As part of Maine’s Bicentennial, the Tides Institute & Museum of Art mounted an exhibition of works from its collections ranging in date from 1820 to the present. In addition, the Tides Institute will publish a Bicentennial book featuring 100 works from its collections and the stories behind the works and how they came into the Tides Institute’s collection. Each week, one of the selected works will be featured in our weekly online posting, CulturePass, to this region’s cultural activities and on our website here.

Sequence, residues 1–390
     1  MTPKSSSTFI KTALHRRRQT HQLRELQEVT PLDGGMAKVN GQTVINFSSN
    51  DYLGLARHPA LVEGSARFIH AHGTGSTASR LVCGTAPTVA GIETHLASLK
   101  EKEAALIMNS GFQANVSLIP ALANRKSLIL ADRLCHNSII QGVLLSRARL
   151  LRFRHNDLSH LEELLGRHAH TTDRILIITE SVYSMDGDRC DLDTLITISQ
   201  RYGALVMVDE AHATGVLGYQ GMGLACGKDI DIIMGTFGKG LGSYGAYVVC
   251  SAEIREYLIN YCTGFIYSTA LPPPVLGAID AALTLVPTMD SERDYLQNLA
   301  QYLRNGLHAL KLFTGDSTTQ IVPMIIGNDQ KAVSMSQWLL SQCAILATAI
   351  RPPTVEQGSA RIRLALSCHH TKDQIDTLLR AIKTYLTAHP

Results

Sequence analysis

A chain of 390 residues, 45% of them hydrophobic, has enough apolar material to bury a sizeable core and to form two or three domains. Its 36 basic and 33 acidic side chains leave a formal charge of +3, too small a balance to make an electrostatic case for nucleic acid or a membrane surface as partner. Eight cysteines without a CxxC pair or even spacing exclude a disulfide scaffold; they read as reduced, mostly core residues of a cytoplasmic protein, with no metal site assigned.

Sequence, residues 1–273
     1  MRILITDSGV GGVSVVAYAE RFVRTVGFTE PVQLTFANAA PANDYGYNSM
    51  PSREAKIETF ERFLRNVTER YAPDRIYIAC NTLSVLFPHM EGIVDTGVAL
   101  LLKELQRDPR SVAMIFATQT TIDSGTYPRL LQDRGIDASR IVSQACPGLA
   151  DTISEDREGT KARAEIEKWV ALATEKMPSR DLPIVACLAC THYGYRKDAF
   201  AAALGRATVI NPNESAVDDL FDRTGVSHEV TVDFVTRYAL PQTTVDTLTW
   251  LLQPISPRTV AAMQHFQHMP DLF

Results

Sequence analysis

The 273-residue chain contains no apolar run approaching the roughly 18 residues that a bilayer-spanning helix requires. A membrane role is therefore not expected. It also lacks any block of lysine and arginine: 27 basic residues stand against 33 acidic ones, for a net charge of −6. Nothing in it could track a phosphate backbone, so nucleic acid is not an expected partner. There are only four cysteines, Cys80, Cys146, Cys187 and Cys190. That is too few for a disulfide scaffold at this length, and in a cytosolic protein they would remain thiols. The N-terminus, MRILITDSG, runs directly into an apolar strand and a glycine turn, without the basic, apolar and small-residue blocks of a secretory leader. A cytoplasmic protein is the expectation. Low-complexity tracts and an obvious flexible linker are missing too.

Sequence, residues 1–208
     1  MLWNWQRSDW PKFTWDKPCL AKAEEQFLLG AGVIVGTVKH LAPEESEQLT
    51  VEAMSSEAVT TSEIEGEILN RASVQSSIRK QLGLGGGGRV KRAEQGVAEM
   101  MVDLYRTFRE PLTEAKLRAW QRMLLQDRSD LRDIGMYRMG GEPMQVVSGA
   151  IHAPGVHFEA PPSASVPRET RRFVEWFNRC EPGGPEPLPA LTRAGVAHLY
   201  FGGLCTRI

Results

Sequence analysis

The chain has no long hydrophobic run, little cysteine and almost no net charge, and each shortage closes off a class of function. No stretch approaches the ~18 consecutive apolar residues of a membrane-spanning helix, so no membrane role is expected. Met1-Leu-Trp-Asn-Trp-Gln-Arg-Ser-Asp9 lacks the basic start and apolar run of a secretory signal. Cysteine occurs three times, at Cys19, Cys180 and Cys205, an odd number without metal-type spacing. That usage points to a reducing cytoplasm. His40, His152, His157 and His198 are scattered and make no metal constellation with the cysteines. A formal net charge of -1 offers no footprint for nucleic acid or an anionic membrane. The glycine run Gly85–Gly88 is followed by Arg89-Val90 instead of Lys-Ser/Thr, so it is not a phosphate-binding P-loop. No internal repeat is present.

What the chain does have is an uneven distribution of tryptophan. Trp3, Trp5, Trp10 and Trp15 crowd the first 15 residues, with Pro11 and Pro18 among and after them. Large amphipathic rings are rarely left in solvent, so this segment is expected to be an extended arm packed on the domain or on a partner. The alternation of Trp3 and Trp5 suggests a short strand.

This week’s piece is a large oil on canvas portrait painting of retired fisherman, Frank Thompson, by New York City based artist, George Pearse Ennis (1884-1936). It dates to 1934, two years before the tragic death of Ennis in a car accident in upstate New York. Ennis directed a summer art school in Eastport, Maine during this time and Thompson lived next to the building that the school leased during the summer and he did odd jobs for the school while it was in session. The portrait painting was exhibited in Eastport at the end of the summer of 1934 and then exhibited in New York City where it was sold. Nearly 75 years later we got a telephone call from someone in California who then owned the painting and who wanted to know more about George Pearse Ennis. We told him what we knew and asked the individual if he ever might be willing to sell the painting to us. The individual replied that he would have to think about it. Weeks went by and then he contacted us again and said that he would be willing to sell the painting to us for $10,000. That was much too much for us, but we thanked the individual and then put the painting out of our mind. A year went by and the painting ended up coming clear across the United States where we learned it was up for auction at the Northeast Auction company in Portsmouth, New Hampshire. The minimum bid for the painting was $1500. We said to ourselves, nothing ventured, nothing gained and submitted a bid for $1500 thinking that we did not have a chance of getting the painting. Lo and behold the painting sold for our $1500 bid and we were able to bring the painting back to where it was created.